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Falling

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I’m Isabel Gilmore; just a girl in high school trying to make it through the day. Sometimes it’s hard to keep up with all the nonsense that the teachers talk about and expect you to do. But it’s so hard. My mom told me that it was better to do it fast and then not have to think about it anymore. But it’s so much stuff. My dad told me to work hard and study until my brain hurt, so that I could get a better nights’ sleep. My mirror told me to fail. That face with dark circles under the eyes, with the hair flying all over the place; that pale white face that looked more dead than a lonely night.
I got back from school late that day, loads of homework yet an empty bucket of thrust. I just couldn’t do it. I had nothing to eat, nothing to drink, and nothing to grab hold to that day. The world seemed to be slipping off and there was no way for me to hold on.
I would have rather listened to some music all afternoon, but my dad was in the room beside me; connected by a window; listening to everything I was up to. I felt like a painting. Those that just sit around lifeless, being watched and critiqued all day.
Not five minutes had passed when he came to check on me. Have you finished your homework? Did you wash the dishes? Can you make dinner? Will you this will you that. Come on; I had no space. Fortunately for me, mom came home early. She’d leave the keys downstairs, wash her hands, greet the maids, greet dad, and finally, she’d come to me.
But did she really? Who knows; I wasn’t there to greet her.
I had left less than an hour ago. Left for good. I had no desire to stay at home, if that was really what this was. What was left for me there? Suffering, sadness, and disdain? It was too much to handle. I knew my dad would be melancholic when he found out, but he’d get over it soon. My mom though, that was another story. But I had no time to think about others. For the first time in many years, I had time for myself. No need to do homework, no need to be proper, and no need to pretend to be someone I wasn’t.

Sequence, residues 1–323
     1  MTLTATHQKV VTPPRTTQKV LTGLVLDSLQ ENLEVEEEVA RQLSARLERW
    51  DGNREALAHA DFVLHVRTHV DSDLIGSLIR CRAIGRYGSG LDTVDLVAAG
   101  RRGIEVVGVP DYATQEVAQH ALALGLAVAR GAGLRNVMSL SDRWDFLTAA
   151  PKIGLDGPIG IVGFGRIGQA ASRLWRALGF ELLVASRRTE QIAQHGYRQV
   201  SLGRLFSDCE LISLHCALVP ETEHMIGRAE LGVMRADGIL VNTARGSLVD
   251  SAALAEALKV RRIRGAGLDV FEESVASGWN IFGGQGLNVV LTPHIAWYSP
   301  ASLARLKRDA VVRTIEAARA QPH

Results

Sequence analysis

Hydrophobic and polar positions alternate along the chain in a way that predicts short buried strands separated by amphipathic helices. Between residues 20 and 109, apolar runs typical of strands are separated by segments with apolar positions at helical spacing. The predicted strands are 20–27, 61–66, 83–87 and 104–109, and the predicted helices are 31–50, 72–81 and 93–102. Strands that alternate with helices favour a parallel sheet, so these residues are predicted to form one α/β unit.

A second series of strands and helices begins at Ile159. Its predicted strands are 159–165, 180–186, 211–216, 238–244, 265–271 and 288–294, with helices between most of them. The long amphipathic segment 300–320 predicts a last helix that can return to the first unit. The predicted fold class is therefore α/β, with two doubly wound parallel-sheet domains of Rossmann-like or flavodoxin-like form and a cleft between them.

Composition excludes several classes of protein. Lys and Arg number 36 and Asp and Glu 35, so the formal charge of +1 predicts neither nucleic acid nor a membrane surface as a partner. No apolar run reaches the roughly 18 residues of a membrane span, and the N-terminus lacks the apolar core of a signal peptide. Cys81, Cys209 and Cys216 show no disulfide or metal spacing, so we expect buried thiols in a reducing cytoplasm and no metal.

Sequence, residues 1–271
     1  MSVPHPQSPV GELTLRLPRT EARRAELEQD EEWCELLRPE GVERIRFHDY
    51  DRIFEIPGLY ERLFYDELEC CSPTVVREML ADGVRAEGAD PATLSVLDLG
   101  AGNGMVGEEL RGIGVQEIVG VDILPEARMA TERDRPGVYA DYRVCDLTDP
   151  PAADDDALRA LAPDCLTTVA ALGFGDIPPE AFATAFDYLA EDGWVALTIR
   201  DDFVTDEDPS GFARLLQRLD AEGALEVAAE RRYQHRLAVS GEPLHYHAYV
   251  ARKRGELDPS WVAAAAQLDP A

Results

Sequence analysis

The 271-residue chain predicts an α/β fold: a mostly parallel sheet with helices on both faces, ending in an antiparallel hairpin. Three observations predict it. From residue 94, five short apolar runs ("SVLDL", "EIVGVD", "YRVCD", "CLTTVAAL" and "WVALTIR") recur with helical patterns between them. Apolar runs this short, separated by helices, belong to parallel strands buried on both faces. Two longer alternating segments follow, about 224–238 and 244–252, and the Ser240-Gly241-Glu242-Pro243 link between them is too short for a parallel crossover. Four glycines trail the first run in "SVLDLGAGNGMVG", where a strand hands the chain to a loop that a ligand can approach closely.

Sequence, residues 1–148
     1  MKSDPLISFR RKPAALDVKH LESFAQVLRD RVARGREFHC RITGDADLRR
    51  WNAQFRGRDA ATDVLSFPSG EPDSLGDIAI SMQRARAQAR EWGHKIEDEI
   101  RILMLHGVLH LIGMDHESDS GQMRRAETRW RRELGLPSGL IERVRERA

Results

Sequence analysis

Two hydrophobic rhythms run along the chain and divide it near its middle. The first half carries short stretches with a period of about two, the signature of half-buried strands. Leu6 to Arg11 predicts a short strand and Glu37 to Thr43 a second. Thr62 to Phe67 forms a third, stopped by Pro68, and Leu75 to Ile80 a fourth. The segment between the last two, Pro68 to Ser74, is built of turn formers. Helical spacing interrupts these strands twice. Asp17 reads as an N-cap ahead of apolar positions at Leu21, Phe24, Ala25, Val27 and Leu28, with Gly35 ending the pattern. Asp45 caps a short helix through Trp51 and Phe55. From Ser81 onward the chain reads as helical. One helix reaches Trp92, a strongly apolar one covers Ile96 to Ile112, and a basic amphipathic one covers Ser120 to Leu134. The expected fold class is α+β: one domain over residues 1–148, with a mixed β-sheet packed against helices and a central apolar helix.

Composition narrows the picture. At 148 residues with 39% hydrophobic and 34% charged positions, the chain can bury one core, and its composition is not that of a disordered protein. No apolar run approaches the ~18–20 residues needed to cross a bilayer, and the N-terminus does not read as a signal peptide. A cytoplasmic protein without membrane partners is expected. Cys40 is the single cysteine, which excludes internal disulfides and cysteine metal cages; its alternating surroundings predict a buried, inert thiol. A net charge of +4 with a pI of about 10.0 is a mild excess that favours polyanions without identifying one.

I reached an unfamiliar building. Not entirely sure where I was, I climbed to the top. I didn’t know where I was standing, but it felt alright. I looked up. I could see the stars from where I stood. That wasn’t possible at my parents’ house; I wasn’t allowed to leave the room at night. I had never seen anything more alluring. I looked down. What I saw was the most beautiful thing there could be. I stepped closer to the edge of the building, seeking to get a better glimpse of the lights. The city was a Christmas tree, lighting a room, yet in this case, the night. I wanted to grasp them. But the roof top had reached its end, and all that was left between us two was an empty night.
The lights were astounding. I look down, seeking for more space; seeking for a path, yet there was nowhere to go. But still I walked.
I felt different. Was it relief, freedom? Was it fear? I wasn’t sure.
I closed my eyes, and then it all turned black.




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tewtee said...
Nov. 15, 2011 at 7:41 pm:
I really love how I can relate to certain parts of this. Also, how things come unexpected when she leaves. I love this.
 
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